The R&A rectified the issue for Garcia’s second round, with at least 15 marshals following his group, roping off areas and giving the players more freedom for clear thought.

Garcia played some stellar golf too, making two miraculous birdies down the closing stretch, but he could not quite ride that momentum in winds that reached 20 miles-an-hour on the Lancashire coast.

Much to his credit, after signing his second-round scorecard for the recorders and plenty more balls and gloves for young fans, Garcia spent more than ten minutes answering the media’s questions.

Here, he was far more diplomatic on his viral flashpoint.

“It’s very simple,” he said. “When you have 2,000 people following us with no ropes, nothing. The marshals were trying to do as good a job as they could do but obviously we had to stop pretty much on every tee for two or three minutes to hit our tee shots because people were walking in front of the tee and on the fairway.

“Unless we wanted to start hitting people, we couldn’t hit. I don’t think they took that into account and that was unfortunate because it made us rush. On a day like today where the conditions are so tricky and you might need a little bit of extra time here and there it doesn’t help out.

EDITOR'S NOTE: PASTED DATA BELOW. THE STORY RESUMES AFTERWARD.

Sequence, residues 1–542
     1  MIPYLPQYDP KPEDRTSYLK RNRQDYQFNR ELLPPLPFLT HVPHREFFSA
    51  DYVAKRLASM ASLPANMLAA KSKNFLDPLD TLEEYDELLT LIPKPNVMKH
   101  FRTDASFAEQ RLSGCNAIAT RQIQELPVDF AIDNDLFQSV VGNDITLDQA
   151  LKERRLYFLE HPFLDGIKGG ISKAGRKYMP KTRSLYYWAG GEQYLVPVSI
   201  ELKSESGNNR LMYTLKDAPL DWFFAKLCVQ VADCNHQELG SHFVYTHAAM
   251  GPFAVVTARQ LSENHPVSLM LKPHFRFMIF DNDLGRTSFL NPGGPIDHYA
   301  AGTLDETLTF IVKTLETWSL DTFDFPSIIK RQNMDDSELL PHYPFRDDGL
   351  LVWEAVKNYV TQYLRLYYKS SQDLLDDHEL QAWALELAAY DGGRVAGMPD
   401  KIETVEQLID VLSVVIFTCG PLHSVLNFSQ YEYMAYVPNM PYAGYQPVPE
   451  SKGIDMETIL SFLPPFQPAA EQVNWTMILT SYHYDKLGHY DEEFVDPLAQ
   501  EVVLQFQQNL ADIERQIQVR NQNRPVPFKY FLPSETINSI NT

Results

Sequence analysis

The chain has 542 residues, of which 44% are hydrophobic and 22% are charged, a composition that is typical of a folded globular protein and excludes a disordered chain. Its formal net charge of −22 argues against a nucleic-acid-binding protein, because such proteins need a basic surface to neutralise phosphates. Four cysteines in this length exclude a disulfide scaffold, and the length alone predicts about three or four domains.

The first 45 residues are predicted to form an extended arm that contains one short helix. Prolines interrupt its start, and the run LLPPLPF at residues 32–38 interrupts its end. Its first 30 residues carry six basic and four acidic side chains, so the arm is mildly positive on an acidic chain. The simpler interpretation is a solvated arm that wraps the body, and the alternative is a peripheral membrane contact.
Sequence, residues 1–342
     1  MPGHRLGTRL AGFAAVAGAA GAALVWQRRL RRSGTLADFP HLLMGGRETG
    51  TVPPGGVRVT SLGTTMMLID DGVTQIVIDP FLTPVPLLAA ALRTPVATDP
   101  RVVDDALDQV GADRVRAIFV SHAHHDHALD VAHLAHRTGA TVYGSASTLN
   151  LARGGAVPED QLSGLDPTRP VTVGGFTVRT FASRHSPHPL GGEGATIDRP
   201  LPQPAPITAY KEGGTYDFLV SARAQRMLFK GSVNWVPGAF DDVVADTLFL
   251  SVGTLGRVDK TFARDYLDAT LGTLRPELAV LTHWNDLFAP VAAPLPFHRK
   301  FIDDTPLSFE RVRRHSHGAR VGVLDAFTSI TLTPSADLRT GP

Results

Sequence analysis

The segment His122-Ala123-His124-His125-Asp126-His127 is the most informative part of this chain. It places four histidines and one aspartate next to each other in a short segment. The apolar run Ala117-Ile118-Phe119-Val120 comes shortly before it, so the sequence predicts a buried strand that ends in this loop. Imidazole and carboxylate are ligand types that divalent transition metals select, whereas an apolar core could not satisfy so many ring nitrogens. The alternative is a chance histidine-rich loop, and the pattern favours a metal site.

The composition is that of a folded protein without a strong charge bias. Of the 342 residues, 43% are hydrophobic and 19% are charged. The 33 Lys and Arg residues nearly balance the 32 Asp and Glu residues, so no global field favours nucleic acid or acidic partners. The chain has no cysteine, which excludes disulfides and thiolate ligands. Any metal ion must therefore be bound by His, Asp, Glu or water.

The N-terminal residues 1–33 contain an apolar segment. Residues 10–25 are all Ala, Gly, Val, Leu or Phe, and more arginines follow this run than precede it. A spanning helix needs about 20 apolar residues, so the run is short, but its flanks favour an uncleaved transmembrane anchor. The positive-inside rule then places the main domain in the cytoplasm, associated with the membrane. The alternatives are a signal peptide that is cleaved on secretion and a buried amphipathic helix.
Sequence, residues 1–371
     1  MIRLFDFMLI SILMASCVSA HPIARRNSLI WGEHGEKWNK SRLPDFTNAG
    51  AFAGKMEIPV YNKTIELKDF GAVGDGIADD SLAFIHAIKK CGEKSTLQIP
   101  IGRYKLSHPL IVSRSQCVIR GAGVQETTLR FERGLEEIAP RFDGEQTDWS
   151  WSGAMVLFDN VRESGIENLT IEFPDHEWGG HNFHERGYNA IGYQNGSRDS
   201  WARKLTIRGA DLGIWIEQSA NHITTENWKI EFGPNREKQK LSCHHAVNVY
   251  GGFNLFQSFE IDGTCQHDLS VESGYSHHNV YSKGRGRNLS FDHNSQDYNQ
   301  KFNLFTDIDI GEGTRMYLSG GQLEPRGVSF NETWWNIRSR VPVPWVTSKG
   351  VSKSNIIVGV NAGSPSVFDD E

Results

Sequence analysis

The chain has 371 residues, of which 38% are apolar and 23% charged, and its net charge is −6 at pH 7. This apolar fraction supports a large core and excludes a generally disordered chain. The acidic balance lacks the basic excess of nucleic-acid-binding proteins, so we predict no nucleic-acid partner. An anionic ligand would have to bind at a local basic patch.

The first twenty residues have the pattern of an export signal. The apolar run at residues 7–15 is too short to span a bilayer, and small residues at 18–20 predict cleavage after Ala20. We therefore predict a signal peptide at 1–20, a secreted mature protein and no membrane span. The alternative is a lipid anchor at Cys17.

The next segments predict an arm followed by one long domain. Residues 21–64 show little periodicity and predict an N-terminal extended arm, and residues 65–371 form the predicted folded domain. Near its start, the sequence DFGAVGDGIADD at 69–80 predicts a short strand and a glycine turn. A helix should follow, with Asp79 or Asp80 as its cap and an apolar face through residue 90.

“Because of that I made a couple of bogeys that cost me getting to Troon.”

The idea that a warning cost Garcia his 100th major start is dubious but he was clearly affected by the chaos. And, for better or worse, this two-time Open runner-up will now miss out on a tilt for the Claret Jug for the second straight year.

Don’t be mistaken, though. If there’s one thing we’ve learned about Garcia, it’s that he’ll be equally fired up to make Royal Portrush in 2025.

We’ll be recording episodes of The bunkered Podcast every day from The Open – so make sure you’re subscribed!

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Ben Parsons joined bunkered as a Content Producer in 2023 and is the man to come to for all of the latest news, across both the professional and amateur games. Formerly of The Mirror and Press Association, he is a member at Halifax Golf Club and is a long-suffering fan of both Manchester United and the Wales rugby team.